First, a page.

Second is the role of violence considered from a number of angles: in the mediamaking process, in the values held by contemporary cultures, and in the themes and meanings of this particular story.  One important angle is this: what is the responsibility of media professionals regarding the safety of those working on its products?  There is a great deal of footage in the extras of this movie that show the lengths to which the moviemakers worked to choreograph the convincingly realistic fight scenes.  Recently, I have noticed a trend in celebrating “real violence” as necessary to the realism of media products.  Just this week, I read two articles about movies opening this month in which filmmakers were using the pain inflicted on their performers as selling points to the movie.  For Soderbergh’s movie Haywire, scripted by Lem Dobbs (the writer of Kafka and The Limey, which is one of my favorite Soderbergh films along with King of the Hill, The Underneath, and Out of Sight), when the director talks about his new movie he stresses the effects of actually inflicting the pain.  Talking about actor Michael Fassbender, he says, “He took a beating.” 

In an interview about the release of Contraband, directed by Baltasar Kormákur, actor Mark Wahlberg talks at length about the degree to which they wanted to “just go crazy… like when I get to smash Giovanni Ribisi’s head and pull him through the window of the truck, that was really fun…[and for a scene in the upcoming movie] Broken City… I honestly think it’s going to be one of the best fight scenes ever in a film, because it’s real.”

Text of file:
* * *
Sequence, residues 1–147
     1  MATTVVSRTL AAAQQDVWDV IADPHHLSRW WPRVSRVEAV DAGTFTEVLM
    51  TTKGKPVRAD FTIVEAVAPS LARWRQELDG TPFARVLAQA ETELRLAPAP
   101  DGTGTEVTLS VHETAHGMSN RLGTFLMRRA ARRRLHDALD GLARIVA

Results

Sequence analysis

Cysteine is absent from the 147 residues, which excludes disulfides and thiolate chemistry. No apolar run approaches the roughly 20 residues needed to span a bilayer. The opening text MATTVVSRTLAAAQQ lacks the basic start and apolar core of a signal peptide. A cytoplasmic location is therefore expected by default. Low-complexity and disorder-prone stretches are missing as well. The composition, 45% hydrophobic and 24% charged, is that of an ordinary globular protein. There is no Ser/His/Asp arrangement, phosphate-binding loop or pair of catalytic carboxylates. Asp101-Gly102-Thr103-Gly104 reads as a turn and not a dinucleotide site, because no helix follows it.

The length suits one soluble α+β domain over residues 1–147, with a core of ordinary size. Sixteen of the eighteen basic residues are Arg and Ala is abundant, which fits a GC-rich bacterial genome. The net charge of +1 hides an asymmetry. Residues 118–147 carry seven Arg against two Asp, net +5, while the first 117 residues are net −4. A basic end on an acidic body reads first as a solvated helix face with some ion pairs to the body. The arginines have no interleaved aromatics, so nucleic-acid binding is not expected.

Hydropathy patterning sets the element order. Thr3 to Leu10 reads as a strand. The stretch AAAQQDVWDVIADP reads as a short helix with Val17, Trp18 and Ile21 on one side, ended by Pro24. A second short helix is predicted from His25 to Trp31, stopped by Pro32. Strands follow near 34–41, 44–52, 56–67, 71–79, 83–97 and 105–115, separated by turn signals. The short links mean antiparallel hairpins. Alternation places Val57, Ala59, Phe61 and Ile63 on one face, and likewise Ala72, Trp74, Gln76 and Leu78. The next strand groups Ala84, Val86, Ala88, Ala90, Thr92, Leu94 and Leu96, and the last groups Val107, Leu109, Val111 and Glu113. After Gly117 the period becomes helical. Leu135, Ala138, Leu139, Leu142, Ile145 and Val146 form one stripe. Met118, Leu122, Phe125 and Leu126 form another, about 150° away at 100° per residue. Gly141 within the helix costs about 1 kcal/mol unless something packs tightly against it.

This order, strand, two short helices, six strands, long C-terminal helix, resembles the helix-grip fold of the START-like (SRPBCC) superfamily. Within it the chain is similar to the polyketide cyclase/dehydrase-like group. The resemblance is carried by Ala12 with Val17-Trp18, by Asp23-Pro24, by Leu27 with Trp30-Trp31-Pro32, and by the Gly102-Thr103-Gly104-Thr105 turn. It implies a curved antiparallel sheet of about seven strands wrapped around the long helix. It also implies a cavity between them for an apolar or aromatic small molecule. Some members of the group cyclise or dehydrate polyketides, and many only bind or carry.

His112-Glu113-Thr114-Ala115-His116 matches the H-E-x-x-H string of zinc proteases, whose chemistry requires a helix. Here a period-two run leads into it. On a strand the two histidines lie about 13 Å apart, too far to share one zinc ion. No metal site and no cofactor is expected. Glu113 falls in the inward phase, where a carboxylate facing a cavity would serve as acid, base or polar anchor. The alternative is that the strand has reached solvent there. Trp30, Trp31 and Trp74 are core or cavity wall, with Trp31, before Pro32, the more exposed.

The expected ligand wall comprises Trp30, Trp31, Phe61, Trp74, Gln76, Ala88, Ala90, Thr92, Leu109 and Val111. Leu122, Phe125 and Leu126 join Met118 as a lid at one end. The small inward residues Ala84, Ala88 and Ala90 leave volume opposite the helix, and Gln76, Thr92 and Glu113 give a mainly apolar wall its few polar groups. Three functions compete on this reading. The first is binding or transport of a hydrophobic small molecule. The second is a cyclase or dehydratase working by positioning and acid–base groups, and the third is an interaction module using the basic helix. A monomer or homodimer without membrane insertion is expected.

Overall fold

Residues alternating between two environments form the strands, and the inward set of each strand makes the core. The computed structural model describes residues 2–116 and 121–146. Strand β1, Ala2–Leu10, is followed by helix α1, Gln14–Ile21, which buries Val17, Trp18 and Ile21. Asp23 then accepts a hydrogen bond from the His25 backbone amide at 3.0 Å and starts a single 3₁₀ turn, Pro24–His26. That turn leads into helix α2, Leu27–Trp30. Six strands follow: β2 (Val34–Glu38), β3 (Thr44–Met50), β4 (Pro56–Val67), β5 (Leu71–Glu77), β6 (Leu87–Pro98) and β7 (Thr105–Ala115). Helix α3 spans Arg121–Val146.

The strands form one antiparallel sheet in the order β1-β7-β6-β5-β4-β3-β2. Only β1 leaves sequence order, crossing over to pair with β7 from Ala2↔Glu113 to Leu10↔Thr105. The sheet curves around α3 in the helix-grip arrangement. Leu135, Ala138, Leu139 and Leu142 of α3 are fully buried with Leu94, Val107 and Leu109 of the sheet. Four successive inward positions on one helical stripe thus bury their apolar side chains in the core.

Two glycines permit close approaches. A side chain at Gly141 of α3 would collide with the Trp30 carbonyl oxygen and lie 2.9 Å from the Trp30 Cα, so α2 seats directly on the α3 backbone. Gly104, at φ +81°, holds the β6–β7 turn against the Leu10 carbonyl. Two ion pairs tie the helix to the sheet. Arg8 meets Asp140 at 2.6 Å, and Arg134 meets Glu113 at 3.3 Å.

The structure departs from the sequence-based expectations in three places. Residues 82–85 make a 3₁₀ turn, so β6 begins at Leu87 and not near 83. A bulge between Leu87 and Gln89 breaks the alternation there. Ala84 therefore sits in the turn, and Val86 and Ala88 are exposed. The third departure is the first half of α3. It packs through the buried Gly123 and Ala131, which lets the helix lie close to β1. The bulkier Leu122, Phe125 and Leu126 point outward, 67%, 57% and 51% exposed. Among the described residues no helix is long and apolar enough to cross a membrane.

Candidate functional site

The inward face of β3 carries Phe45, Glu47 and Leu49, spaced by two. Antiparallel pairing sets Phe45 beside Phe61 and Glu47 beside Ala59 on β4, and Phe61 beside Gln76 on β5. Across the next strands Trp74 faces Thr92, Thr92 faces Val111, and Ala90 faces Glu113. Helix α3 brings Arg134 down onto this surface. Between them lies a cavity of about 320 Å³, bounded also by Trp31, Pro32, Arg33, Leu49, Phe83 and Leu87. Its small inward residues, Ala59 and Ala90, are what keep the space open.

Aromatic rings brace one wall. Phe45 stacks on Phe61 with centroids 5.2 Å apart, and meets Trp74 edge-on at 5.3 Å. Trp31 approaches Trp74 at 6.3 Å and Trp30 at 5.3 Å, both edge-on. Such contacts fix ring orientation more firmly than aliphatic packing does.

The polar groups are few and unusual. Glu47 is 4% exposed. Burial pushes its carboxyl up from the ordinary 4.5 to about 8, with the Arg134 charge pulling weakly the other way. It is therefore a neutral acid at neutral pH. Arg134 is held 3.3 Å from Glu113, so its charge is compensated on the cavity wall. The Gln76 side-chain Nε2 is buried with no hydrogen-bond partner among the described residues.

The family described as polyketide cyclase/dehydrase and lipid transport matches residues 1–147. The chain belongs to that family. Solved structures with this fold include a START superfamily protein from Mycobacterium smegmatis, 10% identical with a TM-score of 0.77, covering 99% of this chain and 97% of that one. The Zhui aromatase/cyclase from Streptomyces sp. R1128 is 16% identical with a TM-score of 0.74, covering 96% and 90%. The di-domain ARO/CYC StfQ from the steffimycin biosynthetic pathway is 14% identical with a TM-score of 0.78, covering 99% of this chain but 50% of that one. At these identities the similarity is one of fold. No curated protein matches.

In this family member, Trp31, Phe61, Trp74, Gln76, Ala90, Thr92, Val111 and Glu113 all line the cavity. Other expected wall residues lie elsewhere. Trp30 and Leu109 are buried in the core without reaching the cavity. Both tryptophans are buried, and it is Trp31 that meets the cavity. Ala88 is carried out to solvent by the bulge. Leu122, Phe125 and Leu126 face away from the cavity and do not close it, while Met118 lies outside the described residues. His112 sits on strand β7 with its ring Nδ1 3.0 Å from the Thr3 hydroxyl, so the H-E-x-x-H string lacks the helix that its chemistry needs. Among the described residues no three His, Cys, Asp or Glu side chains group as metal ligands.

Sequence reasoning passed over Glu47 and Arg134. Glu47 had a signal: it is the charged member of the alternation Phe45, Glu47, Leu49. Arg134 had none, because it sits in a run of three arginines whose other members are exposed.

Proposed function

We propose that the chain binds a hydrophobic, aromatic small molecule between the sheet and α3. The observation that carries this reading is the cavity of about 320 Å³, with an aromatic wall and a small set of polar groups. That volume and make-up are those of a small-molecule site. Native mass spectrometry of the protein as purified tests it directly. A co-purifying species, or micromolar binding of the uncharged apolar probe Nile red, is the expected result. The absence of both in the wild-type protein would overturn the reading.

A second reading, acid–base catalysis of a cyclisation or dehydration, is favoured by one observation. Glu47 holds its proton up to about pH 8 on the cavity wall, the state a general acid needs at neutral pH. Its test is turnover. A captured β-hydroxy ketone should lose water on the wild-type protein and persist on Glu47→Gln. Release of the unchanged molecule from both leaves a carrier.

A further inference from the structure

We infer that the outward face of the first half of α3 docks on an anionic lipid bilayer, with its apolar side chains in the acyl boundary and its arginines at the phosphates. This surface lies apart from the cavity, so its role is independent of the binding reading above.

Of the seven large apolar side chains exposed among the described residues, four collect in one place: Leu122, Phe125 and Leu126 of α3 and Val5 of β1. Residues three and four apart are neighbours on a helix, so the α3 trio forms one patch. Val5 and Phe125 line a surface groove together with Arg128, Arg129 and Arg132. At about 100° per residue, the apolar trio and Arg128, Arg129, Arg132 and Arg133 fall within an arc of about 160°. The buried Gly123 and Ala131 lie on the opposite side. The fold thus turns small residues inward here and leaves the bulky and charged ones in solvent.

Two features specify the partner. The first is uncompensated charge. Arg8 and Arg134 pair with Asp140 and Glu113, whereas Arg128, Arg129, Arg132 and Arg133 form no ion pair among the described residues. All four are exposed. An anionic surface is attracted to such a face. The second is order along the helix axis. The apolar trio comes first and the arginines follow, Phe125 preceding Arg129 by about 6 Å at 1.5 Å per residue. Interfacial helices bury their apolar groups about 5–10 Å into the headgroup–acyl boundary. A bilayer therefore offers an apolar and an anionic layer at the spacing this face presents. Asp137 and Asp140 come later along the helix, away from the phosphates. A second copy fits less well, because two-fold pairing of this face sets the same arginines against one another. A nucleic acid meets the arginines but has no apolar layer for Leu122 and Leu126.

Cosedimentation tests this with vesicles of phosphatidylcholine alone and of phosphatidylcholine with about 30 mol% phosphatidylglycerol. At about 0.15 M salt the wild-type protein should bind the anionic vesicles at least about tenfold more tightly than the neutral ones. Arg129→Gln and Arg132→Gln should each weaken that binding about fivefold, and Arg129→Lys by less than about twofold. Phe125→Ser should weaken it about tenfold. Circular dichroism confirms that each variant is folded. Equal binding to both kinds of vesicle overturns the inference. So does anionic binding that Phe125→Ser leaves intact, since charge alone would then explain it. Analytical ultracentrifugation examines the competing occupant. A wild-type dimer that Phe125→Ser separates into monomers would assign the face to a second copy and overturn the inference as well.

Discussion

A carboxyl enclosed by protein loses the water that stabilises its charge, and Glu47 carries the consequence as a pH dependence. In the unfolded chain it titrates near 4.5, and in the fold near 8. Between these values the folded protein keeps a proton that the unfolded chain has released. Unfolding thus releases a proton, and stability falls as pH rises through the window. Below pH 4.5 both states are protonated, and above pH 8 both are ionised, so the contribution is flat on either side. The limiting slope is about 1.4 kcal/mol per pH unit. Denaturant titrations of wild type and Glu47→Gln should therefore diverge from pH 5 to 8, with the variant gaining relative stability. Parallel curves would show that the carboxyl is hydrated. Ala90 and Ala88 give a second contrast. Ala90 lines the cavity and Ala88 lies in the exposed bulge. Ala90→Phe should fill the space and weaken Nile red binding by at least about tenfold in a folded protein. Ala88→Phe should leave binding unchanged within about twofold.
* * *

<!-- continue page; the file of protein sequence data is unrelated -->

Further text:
The first chapter of Moving Images is about motion picture language, which involves learning about the power of editing and basic techniques of moviemaking.  In the classroom, students will sometimes write scenes in which there are physical altercations, punches, or fights.  For some students, it takes a bit of learning to discover that the actors do not need to hit each other in order to create the scene.  In fact, the students are required not to inflict harm or break any school rule when creating media, just as our drama students learn how to stage fights for theatrical productions.  These recent trends in movie culture could provide for potent classroom discussion.

Steven Soderbergh’s “Haywire” with script by Lem Dobbs

Raising the point of editing is one of the major other topics addressed in this debate: in their interviews both Soderbergh and Wahlberg talk negatively about intentionally jarring editing and jittery hand-held shooting, and each one cites the more recent Bourne movies as an example.  In fact, I use The Bourne Supremacy as an example of jump cuts in Chapter 1 of Moving Images.  Now, the tables are turning and filmmakers are vaunting the fact that in their movies the viewer can actually understand the geography and sequence of action scenes.  (Although in the interview with Soderbergh, the reporter uses Doug Liman’s Bourne Identity as the reference, but this is incorrect; it was in the later Bourne movies directed by Paul Greengrass that this highly jarring, non-continuity style was adopted full force.)  Soderbergh says about Haywire, “I don’t think there’s a single hand-held shot in the movie.  We were really consciously going against the grain there, because my feeling is that lately, there has been a way of disguising the fact that the people can’t really do what’s required, and knowing that I had Gina, and knowing that we had cast people around her who could actually do this stuff, we took the conscious position of letting you really see it, not cutting as fast, keeping the shots looser, and having you feel, ‘Wow, that’s really happening in front of us.'”  And when Soderbergh cites a James Bond movie as an influence for this movie, it is Terence Young’s From Russia With Lovewhich sounds good to me, as it’s one of my favorites too!

How styles cycle back and forth!

And as a final note, thanks to my student Dylan Taravella for recommending Warrior and for not giving up reminding me until I saw it.